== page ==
Despite appearances, chatbot systems are not a current creation.
Economic historical perspective ideas appeared in the middle of the last century, when Alan Turing, one of the pioneers of computer science, wondered if machines could think and set the parameters by which a machine would pass as intelligence.
As computers began to develop, the first programs were able to simulate conversation based on voice or text commands in the 1960s. They have evolved with computing systems, but in recent years, thanks to advances in machine learning algorithms and neural networks, they have been able to receive a higher level of Artificial Intelligence, which has broken the ice of skepticism and opened the door to investment.
The first public notoriety project of a chatbot
was called Eliza, a natural language-based conversational program launched by Joseph Weizenbaum (Professor at the Massachusetts Institute of Technology) in January 1966. It ran on an IBM machine and sought to create the belief that the user was in dialogue with a psychotherapist.
Eliza was scheduled to ask open-ended questions and follow up on the data entered. The program recognized words or phrases in the text entered by the user and returned predefined answers. If the user said “I have a problem with my brother”, would Eliza continue the conversation with an open line “Tell me more about your family” or “My dog is dead” and continue “Your dog was important to you”? This created the illusion of a level of understanding and almost human interaction. The term chatbot did not exist in 1966, but Eliza aroused the imagination of a whole generation of researchers, writers, screenwriters, directors, etc.
Eliza was followed by other projects that attracted the public’s attention: Parry in 1972, Racter in 1983, ALICE in 1995, and Jabberwacky in 2005. The dialogue between Eliza and Parry, available here https://tools.ietf.org/html / rfc439) for example, remained famous, even though it reflected technological limitations and animosities among researchers. However, over time, the improvement of these systems and the achievement of a higher level of refinement of conversations are noticeable.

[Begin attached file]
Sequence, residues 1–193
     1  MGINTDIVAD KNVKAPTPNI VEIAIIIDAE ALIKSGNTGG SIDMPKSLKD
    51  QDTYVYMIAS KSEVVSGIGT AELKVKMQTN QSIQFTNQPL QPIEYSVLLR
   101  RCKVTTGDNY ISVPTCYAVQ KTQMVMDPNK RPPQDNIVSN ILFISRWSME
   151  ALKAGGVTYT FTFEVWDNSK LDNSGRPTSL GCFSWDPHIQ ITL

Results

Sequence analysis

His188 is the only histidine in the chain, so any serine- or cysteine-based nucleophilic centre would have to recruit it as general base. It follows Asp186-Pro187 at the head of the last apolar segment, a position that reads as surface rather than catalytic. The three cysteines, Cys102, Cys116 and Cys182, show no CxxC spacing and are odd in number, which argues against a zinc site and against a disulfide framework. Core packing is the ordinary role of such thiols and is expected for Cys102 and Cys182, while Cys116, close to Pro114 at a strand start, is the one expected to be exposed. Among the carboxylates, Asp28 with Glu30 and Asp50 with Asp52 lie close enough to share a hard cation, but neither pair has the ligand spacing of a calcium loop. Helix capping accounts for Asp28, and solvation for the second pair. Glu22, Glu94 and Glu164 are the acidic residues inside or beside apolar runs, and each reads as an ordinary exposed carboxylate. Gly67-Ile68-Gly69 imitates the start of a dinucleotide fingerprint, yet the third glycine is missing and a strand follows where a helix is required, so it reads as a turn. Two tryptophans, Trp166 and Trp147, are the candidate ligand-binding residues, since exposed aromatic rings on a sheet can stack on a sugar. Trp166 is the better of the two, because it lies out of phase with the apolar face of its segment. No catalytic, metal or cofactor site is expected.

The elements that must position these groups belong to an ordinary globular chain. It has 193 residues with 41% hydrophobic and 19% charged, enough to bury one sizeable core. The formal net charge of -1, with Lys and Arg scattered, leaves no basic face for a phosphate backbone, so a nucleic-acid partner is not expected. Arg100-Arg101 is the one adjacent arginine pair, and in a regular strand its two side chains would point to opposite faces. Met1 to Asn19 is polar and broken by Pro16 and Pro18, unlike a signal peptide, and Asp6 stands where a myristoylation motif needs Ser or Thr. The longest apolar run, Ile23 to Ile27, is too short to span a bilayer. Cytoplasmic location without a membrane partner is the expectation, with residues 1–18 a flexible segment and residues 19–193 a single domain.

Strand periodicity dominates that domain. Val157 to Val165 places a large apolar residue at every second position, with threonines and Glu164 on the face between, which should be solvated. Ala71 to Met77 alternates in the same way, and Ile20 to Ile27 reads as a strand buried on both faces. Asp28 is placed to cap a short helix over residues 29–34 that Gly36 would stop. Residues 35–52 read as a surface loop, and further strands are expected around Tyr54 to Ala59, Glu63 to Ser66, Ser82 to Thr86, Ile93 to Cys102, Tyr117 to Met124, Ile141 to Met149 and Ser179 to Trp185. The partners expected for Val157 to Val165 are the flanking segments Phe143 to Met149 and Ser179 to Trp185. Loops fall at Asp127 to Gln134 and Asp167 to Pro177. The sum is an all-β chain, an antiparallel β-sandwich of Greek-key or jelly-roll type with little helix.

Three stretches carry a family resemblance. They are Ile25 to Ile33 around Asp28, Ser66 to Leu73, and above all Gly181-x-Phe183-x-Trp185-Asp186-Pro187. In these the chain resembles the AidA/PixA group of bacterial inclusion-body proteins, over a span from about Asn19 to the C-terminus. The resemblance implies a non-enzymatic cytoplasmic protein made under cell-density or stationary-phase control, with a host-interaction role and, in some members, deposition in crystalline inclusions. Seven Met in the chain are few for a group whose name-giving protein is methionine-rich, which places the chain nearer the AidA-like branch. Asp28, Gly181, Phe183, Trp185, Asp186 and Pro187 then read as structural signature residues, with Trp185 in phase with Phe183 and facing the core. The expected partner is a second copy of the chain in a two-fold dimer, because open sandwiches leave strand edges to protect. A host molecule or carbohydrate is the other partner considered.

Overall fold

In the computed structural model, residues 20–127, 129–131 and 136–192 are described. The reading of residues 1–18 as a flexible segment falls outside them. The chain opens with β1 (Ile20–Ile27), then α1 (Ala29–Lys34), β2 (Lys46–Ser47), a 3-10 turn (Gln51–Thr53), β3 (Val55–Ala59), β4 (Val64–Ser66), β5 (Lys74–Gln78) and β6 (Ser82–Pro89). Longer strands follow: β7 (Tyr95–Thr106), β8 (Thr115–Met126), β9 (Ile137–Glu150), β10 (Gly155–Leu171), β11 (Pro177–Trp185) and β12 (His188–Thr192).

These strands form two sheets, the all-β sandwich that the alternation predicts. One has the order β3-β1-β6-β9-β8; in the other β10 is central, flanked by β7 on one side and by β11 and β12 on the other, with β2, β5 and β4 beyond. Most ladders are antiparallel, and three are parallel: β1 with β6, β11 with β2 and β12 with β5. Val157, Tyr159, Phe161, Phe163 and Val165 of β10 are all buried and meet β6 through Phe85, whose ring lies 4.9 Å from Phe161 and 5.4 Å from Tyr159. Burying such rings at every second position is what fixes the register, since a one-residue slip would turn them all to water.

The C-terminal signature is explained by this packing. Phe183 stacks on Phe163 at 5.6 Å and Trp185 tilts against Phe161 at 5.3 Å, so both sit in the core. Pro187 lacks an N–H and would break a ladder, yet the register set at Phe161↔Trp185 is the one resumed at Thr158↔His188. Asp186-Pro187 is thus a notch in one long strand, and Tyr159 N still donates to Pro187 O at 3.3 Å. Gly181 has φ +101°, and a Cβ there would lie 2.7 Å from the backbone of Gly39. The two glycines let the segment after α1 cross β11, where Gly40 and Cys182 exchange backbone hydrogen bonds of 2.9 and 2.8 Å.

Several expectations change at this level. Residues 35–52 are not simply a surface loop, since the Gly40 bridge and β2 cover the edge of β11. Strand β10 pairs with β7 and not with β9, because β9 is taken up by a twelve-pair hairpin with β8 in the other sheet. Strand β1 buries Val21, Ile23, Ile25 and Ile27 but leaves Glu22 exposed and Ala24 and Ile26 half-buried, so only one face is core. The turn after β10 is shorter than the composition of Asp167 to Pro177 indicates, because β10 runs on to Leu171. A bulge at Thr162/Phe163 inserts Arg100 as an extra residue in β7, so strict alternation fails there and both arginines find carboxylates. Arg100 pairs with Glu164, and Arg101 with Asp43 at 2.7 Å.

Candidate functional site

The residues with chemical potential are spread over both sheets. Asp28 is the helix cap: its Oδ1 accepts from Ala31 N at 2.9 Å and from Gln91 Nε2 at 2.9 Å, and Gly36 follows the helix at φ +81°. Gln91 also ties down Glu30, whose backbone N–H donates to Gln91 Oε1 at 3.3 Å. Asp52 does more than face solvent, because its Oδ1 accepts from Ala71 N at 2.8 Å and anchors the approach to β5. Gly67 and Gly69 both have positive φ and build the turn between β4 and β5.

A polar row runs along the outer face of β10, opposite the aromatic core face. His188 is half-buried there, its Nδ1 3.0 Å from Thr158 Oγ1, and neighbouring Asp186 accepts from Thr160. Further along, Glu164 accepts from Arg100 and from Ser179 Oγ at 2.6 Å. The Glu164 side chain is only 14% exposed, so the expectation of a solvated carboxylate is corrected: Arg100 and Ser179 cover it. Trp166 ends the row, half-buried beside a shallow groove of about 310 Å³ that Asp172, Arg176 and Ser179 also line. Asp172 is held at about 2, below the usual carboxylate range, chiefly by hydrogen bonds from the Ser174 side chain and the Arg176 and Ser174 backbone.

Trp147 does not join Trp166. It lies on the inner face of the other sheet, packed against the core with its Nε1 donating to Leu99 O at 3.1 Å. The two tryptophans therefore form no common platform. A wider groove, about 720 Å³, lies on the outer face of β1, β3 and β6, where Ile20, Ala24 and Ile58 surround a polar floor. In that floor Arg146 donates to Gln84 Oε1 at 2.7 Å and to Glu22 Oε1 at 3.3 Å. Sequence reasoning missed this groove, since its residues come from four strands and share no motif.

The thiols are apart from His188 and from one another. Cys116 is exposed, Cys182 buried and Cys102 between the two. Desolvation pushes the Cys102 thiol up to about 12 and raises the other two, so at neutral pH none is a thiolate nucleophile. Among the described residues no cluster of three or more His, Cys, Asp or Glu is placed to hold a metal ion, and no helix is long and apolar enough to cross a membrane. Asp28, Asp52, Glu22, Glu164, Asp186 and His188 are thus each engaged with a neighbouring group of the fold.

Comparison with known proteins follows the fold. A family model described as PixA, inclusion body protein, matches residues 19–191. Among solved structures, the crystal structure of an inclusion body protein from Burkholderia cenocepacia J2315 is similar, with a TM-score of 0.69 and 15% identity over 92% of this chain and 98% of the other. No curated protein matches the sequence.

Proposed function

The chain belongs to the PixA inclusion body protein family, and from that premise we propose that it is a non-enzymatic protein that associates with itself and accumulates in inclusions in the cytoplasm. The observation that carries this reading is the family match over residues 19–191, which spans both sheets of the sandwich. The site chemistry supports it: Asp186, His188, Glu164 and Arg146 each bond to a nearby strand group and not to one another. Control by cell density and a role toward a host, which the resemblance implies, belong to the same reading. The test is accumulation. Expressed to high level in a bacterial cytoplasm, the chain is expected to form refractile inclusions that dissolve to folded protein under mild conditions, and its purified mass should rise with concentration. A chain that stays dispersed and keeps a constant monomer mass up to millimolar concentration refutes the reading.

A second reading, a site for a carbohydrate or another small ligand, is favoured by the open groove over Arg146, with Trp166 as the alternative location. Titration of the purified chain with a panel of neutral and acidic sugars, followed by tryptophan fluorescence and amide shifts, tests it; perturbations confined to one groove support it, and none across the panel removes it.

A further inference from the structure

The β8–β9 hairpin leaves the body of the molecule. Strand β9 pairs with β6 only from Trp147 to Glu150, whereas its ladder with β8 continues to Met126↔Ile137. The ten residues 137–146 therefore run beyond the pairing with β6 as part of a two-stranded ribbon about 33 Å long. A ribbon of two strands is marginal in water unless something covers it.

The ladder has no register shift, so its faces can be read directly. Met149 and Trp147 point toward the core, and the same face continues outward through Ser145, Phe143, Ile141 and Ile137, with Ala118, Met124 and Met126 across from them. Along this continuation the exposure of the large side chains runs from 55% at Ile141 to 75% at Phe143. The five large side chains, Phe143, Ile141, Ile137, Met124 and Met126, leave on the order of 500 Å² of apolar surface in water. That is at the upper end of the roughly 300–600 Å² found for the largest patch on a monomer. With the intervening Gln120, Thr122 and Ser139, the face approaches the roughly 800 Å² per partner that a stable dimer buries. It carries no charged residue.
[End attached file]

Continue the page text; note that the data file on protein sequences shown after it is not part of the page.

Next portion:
However, the switch to modern chatbots was made by IBM Watson, created in 2006 by the well-known IT company, which in 2011 managed to win the American Jeopardy contest against two of the best former champions of the show. For this success, Watson was trained for five years, living in 10 racks with Power 750 servers, which produced a high level of heat and noise, and the questions were addressed through a text interface. Watson later became the basis for the development of IBM’s Artificial Intelligence systems.
The ultimate goal in this field of activity is to build a system that supports a natural conversation with a human user. Recent advances in several areas of technology have brought us closer to this goal.
In recent years, chatbot
have gone beyond the poetic stage and entered the economy directly with the advent of virtual assistants. Siri, Google. Now, Alexa, and Cortana have shaped a new industry in which billions have been invested.
At the same time, chatbots have remained in the realm of entertainment, and the names Mitsuku, Red, Poncho, Right Click, Insomno Bot, Dr. AI, and Melody are probably the most famous in the online environment. Mitsuku, for example, has won the Loebner Prize four times (an annual competition in which chatbots are evaluated for the human nature of their conversations) and is considered the best conversational chatbot in the world.
An important moment for this market was in 2016 when Facebook launched a messenger platform through which developers can create chatbot interfaces for interaction with social network users. At the end of 2018, no less than 300,000 chatbots were active in Facebook messaging, three times more than in the previous year, and in 2019 the growth will be just as impressive.
The leap was made possible both by the huge footprint that FaceBook has in society (people exchange over 2 billion messages a month via Facebook Messenger) also by simplifying the process of developing chatbots. With over 6 million companies actively promoting themselves on Facebook, the opportunities are hard to imagine.